A. Scott Berg
A. Scott Berg is the author of five bestselling biographies: Max Perkins: Editor of Genius (1978) received the National Book Award; in writing Goldwyn: A Biography (1989), he was awarded a Guggenheim Fellowship; and his 1998 biography Lindbergh won the Pulitzer Prize. For 20 years, Berg was a friend and confidant of Katharine Hepburn, and his biographical memoir, Kate Remembered, published upon her death in 2003, became the #1 New York Times bestseller for most of that summer. His biography of Woodrow Wilson was published in September 2013 and received several history prizes. He serves on the board of the Smithsonian Institution’s National Museum of American History and as a Charter Trustee of Princeton University. He is currently writing a biography of Thurgood Marshall.
In his keynote address at the inaugural History Film Forum in 2015, filmmaker Ric Burns said “When you traffic in film and history, fiction or nonfiction, you are borrowing the authority and power and majesty of the real and counting on its potency to lift your tale. You, therefore, have a contract with the audience whether you know it or not: you’re going to take them as close to a truth as you can, no matter what the limitations are that get in your way.” This session looks at the responsibilities of filmmakers as public historians.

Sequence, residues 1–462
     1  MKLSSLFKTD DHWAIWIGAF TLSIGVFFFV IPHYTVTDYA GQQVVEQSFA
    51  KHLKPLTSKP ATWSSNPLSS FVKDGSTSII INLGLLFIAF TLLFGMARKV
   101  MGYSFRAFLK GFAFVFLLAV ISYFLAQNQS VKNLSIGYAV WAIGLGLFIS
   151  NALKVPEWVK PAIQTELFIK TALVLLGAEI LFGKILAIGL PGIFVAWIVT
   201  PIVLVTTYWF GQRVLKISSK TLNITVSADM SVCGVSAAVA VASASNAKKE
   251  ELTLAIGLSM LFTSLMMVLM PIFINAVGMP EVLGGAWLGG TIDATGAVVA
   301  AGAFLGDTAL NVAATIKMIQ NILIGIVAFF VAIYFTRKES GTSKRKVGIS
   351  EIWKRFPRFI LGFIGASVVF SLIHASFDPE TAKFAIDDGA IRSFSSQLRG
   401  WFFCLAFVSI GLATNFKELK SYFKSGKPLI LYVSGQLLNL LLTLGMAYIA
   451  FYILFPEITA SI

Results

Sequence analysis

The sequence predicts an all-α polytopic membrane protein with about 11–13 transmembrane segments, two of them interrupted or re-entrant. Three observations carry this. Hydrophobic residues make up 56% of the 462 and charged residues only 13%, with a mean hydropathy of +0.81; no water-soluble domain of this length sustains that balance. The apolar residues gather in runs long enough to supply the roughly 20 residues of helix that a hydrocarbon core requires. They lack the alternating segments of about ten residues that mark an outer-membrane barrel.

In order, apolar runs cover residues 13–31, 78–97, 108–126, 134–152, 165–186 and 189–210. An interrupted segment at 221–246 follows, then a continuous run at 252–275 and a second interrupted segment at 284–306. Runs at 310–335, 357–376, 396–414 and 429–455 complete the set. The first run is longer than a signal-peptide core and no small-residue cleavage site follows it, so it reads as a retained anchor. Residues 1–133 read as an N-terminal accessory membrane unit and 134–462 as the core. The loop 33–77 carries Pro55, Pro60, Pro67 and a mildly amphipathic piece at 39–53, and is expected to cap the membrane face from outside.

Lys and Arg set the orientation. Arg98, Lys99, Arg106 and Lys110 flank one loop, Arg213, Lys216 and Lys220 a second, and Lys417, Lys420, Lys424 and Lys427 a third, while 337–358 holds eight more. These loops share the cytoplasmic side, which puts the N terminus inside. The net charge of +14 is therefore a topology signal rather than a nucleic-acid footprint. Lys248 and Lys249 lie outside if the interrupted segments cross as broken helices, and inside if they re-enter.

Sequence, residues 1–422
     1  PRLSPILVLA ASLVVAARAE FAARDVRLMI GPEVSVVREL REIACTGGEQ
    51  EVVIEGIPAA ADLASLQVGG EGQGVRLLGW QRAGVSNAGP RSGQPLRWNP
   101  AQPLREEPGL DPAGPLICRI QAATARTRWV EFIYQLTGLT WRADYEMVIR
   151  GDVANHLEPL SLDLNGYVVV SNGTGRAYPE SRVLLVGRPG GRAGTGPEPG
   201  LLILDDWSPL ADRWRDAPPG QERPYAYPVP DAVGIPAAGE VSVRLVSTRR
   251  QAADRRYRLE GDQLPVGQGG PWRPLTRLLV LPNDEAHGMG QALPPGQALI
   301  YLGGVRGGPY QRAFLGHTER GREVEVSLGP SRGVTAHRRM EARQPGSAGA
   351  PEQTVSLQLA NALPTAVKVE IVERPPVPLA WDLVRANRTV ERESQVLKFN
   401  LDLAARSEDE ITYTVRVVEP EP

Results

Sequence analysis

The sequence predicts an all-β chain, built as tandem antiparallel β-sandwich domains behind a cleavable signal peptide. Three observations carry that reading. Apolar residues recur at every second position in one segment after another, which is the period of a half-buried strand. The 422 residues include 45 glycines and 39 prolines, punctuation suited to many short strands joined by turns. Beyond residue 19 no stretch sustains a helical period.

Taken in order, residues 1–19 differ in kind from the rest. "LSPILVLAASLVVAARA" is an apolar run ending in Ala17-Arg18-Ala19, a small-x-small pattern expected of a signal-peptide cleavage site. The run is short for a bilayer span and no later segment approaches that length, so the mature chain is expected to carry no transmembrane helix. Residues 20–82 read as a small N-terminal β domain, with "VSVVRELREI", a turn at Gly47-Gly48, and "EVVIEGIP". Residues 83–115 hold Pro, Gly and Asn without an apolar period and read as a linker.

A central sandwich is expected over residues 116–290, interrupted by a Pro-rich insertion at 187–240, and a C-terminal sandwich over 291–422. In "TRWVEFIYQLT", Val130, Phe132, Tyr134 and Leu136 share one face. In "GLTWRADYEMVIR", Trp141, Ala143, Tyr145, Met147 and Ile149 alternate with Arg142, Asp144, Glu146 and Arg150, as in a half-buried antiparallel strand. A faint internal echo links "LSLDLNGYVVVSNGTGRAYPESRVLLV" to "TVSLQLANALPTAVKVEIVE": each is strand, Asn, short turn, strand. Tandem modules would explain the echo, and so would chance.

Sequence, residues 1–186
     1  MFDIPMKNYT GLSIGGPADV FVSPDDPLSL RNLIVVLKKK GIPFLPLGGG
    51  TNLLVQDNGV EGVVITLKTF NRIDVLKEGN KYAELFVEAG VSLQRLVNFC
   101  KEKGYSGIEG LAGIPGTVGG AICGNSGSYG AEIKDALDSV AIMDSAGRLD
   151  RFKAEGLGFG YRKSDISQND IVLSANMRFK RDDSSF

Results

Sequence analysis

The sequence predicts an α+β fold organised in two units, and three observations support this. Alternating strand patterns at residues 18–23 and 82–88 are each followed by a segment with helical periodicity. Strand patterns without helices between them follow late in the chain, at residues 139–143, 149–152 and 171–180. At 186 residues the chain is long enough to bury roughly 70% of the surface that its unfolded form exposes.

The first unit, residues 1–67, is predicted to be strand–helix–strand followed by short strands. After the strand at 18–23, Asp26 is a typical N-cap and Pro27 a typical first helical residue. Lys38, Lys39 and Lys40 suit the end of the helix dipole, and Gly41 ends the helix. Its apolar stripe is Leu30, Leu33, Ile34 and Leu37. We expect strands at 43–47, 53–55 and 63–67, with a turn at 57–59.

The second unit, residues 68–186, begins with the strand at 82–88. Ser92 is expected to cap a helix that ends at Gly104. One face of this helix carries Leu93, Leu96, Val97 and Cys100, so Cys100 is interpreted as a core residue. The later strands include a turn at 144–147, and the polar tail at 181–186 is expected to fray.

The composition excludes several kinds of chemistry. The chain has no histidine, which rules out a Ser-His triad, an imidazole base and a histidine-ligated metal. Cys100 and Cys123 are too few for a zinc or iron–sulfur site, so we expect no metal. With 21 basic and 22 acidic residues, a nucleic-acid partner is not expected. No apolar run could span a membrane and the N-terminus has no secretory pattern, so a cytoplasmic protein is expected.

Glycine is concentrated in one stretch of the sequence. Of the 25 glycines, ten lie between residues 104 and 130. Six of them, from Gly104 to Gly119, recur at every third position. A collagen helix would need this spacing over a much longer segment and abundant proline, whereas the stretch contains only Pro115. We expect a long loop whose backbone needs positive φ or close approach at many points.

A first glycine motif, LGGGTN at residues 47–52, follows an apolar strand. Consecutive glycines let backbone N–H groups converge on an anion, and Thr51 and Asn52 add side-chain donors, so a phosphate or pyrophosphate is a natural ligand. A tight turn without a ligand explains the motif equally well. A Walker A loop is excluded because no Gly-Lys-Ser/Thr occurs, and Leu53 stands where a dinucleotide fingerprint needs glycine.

Join us for an exclusive sneak peak of never before seen footage from the new film from PBS’s American Experience series: The Great War. The Great War is a six-hour, three-night event that will premiere in April 2017 in conjunction with the 100th anniversary of America’s entry into the war on April 6, 1917. Drawing on the latest scholarship, including unpublished diaries, memoirs and letters, The Great War tells the rich and complex story of World War I through the voices of nurses, journalists, aviators and the American troops who came to be known as “doughboys.” The series explores the experiences of African-American and Latino soldiers, suffragists, Native-American “code talkers” and others whose participation in the war to “make the world safe for democracy” has been largely forgotten. The film is executive produced by Mark Samels and directed by award-winning filmmakers Stephen Ives, Amanda Pollak and Rob Rapley.